Make sure and select a bot manager that will integrate with your existing infrastructure. That means not having to make complex, large-scale changes. Consider the following to help ensure integration is as seamless as possible and doesn’t leave you regretting your choice of bot managers:

  • Cloud connectors
  • SDK for native mobile applications
  • JavaScript tagging
  • Web server plugins
  • DNS redirection
  • Virtual appliances 

It’s a good idea to select a bot manager that can be deployed in all cloud environments — public, private or hybrid. You may not need this now, but you never know what the future may bring.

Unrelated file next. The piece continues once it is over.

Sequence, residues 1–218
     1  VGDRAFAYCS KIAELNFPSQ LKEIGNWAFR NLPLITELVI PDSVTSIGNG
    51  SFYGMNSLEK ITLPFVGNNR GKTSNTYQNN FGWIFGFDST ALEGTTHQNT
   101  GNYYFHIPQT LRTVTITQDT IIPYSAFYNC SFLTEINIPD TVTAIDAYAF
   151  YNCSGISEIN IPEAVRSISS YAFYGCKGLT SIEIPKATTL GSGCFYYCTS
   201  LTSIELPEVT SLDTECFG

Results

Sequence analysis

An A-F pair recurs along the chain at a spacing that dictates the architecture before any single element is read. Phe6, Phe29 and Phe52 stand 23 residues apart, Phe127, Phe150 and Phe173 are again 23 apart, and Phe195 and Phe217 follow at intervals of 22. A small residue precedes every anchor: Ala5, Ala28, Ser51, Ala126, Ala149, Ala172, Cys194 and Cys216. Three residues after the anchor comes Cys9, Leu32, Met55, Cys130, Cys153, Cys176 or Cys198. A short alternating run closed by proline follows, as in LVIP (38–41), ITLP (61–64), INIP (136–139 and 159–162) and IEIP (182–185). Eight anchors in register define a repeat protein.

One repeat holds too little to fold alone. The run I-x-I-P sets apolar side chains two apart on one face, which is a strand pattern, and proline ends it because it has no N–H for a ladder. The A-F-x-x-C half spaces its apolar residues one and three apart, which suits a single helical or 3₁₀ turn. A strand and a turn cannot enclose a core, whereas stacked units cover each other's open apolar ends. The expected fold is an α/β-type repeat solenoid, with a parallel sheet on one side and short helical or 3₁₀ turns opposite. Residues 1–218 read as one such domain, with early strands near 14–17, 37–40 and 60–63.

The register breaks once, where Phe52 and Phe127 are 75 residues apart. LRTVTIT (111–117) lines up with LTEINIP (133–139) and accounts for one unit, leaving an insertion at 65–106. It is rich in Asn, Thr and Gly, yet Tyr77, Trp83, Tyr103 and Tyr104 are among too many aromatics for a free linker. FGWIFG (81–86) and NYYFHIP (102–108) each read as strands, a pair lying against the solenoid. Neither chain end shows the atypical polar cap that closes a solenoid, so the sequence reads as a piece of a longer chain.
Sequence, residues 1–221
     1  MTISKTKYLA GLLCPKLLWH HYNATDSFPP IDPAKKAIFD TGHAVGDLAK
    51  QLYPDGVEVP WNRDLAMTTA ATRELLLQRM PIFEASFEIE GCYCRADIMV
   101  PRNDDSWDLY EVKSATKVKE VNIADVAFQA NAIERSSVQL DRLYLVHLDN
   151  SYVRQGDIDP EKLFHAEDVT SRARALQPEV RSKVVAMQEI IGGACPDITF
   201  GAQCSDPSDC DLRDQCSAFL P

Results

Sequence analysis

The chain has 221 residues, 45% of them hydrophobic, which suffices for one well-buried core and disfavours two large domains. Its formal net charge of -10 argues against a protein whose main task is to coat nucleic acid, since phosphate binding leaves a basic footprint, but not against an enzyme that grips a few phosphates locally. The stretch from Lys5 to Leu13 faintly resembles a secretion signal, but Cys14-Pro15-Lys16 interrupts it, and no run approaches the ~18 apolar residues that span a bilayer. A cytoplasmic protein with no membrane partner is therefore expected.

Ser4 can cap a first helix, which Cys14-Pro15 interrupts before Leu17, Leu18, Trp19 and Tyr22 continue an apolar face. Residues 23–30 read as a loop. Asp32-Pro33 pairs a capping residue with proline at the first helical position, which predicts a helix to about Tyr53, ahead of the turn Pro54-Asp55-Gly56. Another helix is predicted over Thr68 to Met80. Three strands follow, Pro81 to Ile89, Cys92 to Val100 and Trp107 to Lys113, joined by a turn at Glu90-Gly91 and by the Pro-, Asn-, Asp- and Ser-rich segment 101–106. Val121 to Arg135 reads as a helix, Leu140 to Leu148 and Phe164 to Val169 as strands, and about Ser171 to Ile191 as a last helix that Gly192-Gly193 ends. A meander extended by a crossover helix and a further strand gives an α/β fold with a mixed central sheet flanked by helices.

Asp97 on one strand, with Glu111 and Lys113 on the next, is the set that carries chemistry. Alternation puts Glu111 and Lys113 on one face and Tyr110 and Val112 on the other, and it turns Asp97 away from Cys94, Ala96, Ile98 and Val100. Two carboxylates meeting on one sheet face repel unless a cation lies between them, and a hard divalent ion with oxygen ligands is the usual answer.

Also, select a bot manager that is part of a web application and API protection suite (WAAP). This will Include DDoS protection, a web application firewall (WAF), account takeover (ATO) prevention, API Security, and more.

Dashboard and Reporting

The dashboard from which you’ll be monitoring and managing the bot manager needs to be intuitive and easy to use. You’ll want that single pane of glass from which you can manage the entire application protection stack. It’s important because today’s hackers and malicious actors run multi-vector, multi-layered attacks. They launch different bots for DDoS, brute force and scraping attacks, to name a few. In short, there many attacks laying in wait; you need to monitor and manager these as easily as possible. That single pane of glass will help get this done.